The Biblical Ammonites -- By: Henry O. Thompson
BSP 11:1 (Winter 1982) p. 1
The Biblical Ammonites
Part 1 of 2 Parts
We can learn a great deal about the bene Ammon, the sons of Ammon, the Ammonites, by reading the Bible. There are over 135 references to Ammon, Rabbah or Rabbath (= Rabbath Ammon, the capital), Ammonite, and Ammonites in the Revised Standard Version (RSV). Our knowledge is also being supplemented by the results of archaeology including chance finds of seals and seal impressions. Having excavated in Ammonite territory for several years, I feel a certain kinship with the desert kingdom. Their story is in a sense my story, though it is also part of the larger human story. As the excavator’s spade continues to fill out the picture of these biblical people, I sense a deeper understanding of the Bible and of myself.
Early References to the Ammonites
The first appearance of the Ammonites in the Bible is in Genesis 19:38. This is the infamous story of Lot and his two daughters who escaped from the destruction of Sodom and Gomorrah. Lot left Zoar and lived in a cave in the hills. The daughters thought the whole of humanity had been destroyed. They committed incest with their
BSP 11:1 (Winter 1982) p. 2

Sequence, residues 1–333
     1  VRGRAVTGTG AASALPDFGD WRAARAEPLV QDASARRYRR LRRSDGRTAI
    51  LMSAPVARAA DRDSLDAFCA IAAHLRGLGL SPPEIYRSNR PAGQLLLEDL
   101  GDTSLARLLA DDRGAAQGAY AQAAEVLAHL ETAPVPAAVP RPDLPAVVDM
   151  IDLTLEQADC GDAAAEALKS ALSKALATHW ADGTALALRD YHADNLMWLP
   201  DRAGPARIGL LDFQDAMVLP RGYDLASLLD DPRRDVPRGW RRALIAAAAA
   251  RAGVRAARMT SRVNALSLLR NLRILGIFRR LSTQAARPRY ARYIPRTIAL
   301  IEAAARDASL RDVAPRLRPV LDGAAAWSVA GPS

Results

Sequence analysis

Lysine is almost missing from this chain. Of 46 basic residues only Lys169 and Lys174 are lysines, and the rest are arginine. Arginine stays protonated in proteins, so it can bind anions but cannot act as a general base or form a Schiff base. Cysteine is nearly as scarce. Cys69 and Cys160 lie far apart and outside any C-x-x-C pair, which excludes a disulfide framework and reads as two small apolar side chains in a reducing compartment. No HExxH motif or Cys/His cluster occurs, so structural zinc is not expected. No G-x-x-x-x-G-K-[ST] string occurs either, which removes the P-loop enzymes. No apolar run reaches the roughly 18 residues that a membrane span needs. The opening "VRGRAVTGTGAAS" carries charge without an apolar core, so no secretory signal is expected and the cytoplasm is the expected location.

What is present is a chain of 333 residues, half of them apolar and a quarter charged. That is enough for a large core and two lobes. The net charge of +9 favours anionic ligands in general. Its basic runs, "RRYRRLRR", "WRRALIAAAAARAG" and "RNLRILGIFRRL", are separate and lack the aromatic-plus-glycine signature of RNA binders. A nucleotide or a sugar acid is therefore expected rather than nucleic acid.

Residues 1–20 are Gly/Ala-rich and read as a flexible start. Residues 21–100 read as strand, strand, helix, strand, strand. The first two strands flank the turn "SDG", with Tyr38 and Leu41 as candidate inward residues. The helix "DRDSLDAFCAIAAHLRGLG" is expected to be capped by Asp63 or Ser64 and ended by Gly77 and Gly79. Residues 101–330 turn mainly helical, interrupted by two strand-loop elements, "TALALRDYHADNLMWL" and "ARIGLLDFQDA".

father and became pregnant. The older daughter had a son named Moab — “He is the father of the Moabites to this day.” The younger bore a son and called him Ben-’ammi — “He is the father of the Ammonites to this day.” One would like to think that the record is objective history, but even in objective history there are some things better left unsaid. The suspicion is that this was recorded to poke fun at the Ammonites and Moabites or perhaps to ventilate some hostility toward them. On occasion, as we will see shortly, they were enemies of the Hebrew people. The easterners, however, were more often subjected to Israelite rule than the other way around. The hostility appears again in Deuteronomy 23:3. Here the people are told that Ammonites and Moabites are not to enter the assembly of the Lord because they did not offer hospitality to the Hebrews after the Wilderness Wandering and because they hired Balaam the diviner to curse Israel. The rule was revived in Nehemiah 13:1. The Balaam story is in Numbers 22–24 (see Bible and Spade, Autumn 1977, PP- 121–124). In 22:4–5, we find it is the king of Moab who sent for Balaam. The inclusion of the Ammonites in the list of forbidden people in Deuteronomy 23:3 is thus something of a mystery. No less a person t...
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